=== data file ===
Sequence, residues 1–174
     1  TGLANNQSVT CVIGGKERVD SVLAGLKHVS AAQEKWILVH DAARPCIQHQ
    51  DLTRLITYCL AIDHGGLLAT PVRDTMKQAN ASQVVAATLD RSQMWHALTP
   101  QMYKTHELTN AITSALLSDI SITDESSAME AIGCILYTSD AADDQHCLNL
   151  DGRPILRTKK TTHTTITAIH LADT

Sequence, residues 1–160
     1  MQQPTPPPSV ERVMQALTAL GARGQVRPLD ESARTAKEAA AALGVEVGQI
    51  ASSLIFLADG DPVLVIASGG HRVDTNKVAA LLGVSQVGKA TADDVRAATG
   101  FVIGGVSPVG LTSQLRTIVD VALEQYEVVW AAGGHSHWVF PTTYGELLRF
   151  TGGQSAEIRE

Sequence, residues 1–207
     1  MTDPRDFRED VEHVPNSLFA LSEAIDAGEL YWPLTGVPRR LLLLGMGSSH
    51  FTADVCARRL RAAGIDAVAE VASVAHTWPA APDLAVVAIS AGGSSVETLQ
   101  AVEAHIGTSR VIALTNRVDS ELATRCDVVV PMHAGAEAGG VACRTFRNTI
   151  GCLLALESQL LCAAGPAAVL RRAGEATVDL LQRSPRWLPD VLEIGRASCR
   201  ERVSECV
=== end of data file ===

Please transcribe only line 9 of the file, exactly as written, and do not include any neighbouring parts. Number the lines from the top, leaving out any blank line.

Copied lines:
   101  FVIGGVSPVG LTSQLRTIVD VALEQYEVVW AAGGHSHWVF PTTYGELLRF